• “Infrastructure” is fundamentally important.
China is flexing its naval muscles right over there a couple of hundred miles. Defense of Philippine interests is critically important. But why do we defend against anything? Well, basically for security. The same reason we have police. Or a court system that lets us remedy damages against us. Or hospitals that keep us healthy.  Is it bizarre to put defense in the same bucket as health care and the courts? I think not. The fundamental goal is to make sure Filipinos are well cared for and protected, and if the method is guns or courtrooms or hospitals, it matters not. It matters whether we are healthy and secure. Protections against global warming should also go in this bucket. Bonding as a collective is why nations exist.
  • “Health and security” is therefore our fourth subordinate measure.
I’m going to suggest a different concept than “the economy” as an element of presidential success. It is not a striking enough term for what I believe the President should be doing. He should be leading the Philippines to greater wealth. That is the whole purpose of managing economic performance. But wealth-building overlaps with social prerogatives, too, one of the most pronounced being out-of-control population growth and another being management of scarce resources.  It is important to see the world as capable of generating a limited amount of wealth from shrinking resources, and to judge whether or not the Philippines is acquiring its proper share. Today it is not. Functions such as tourism and trade fit in this bucket. Credit ratings. Investor interest in the Philippines. And also we must distinguish between short-term wealth building and long term gains.  Not sacrifice one for the other.
  • “Wealth building” is the fifth component upon which we will measure the President.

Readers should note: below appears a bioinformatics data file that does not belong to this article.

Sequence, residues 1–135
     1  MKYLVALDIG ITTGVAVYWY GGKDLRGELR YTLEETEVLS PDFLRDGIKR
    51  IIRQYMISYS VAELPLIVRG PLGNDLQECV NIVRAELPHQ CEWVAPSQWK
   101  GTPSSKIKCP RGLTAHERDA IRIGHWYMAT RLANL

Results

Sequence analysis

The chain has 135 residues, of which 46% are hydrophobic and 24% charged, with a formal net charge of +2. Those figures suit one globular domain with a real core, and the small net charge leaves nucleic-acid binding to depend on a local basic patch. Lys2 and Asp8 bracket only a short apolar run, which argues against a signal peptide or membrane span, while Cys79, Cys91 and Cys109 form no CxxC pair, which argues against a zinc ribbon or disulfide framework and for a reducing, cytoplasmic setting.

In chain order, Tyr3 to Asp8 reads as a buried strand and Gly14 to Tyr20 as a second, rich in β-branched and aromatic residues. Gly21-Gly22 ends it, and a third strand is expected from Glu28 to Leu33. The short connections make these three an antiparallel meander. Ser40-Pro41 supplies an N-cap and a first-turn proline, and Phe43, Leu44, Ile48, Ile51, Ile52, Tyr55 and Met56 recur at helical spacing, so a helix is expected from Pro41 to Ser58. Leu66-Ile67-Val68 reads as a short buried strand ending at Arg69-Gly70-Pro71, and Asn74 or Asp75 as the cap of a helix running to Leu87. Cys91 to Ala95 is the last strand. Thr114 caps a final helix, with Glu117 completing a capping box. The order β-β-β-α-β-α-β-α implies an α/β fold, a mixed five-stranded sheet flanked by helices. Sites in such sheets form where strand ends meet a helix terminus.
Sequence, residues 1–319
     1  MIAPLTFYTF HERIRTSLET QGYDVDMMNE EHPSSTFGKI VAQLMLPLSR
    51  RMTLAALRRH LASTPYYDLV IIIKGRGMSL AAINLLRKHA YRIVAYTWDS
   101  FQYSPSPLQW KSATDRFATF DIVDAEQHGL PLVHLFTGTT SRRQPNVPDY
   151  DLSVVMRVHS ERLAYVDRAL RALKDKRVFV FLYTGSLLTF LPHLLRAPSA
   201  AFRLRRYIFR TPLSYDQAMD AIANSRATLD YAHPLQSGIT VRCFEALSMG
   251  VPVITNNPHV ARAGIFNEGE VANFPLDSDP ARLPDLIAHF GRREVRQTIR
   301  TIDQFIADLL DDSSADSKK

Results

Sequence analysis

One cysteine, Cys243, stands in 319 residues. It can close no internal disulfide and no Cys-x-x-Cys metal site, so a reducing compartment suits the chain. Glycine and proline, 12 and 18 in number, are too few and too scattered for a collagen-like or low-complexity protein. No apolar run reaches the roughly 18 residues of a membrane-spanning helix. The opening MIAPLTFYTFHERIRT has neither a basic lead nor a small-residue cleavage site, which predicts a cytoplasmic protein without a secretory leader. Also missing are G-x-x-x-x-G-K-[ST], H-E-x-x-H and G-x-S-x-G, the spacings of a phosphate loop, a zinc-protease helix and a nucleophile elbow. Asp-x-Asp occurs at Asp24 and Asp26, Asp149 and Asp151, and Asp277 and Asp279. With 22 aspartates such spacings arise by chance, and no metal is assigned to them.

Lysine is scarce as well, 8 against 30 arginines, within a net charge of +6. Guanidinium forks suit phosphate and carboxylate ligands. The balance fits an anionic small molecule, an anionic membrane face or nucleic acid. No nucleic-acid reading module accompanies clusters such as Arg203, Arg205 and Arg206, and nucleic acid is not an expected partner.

We have the same situation with regard to corruption. It is not profound enough to form a rating on its own. Corruption exists because Filipinos accept cheating as an appropriate value. When resources are limited, you bend the rules to get a bigger share. So corruption is related to poverty, and it is related to social values, the notions of right and wrong. How, exactly, does the Philippines fit together, socially? Are its social institutions constructive? Are values? It would be wrong to assign the president “blame” for values long in the making, but it would not be wrong to assign to him the expectation that he would recognize the deficiencies that exist, and have ideas about correcting them. Going on a drive to jail corrupt people is not enough to score high on this element. Awareness of dysfunctional Philippine values and behaviors is important. Education goes into this box, too, for it is in the schools that good values and behaviors are taught. Or not taught.
  • “Social cohesion” is the term we will assign for now to this element of the President’s mandate.
That’s a pretty powerful list, I think. And about the right length. Is it comprehensive? If we had an issue, could we rightfully place it in one of these buckets? I’m thinking that we could. But we do need a timeline on this. A given president can only do so much during his six-year stint. Global warming, for instance, or getting rid of poverty, or improving education. These have a long timeline to them. But a president can move incrementally toward a goal. So the President would remiss if he did not have a plan that fit his actions into goals that construct history in a strong and progressive way, from the front end.
  • “Timeline architecture” is the final element, the glue, the set of priorities.
So that is our starting point. We have seven elements on which to score the President. Each is substantial.
It’s time for a breather. All this thinking is exhausting. We must next confirm that this set of job performance criteria is comprehensive. Look for important areas that have not been addressed and try to plug them in. Also consider if some elements deserve a heavier weighting that others. And noodle with some scoring.
Here they are again, the things we would expect the President to take care of on his job:
  1. Presentation
  2. Global Engagement
  3. Infrastructure
  4. Health and security
  5. Wealth building
  6. Social cohesion
  7. Timeline architecture
If the Philippines could get significant advances in each area within a president’s six year term, the nation would be doing better than it has done in the past. Social cohesion, for example, has not moved much in 100 years.
Next up: (1) designing the overall rating scale, (2) rating “Presentation”, and (3) rating “Global Engagement”.